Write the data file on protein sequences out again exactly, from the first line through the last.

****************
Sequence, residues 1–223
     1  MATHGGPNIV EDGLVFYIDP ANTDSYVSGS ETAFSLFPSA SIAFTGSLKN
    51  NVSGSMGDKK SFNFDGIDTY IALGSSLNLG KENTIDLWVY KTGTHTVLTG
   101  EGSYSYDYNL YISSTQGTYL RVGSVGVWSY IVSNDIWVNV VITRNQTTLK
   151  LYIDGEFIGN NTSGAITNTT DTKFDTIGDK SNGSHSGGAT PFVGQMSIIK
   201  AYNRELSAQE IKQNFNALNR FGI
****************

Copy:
Sequence, residues 1–223
     1  MATHGGPNIV EDGLVFYIDP ANTDSYVSGS ETAFSLFPSA SIAFTGSLKN
    51  NVSGSMGDKK SFNFDGIDTY IALGSSLNLG KENTIDLWVY KTGTHTVLTG
   101  EGSYSYDYNL YISSTQGTYL RVGSVGVWSY IVSNDIWVNV VITRNQTTLK
   151  LYIDGEFIGN NTSGAITNTT DTKFDTIGDK SNGSHSGGAT PFVGQMSIIK
   201  AYNRELSAQE IKQNFNALNR FGI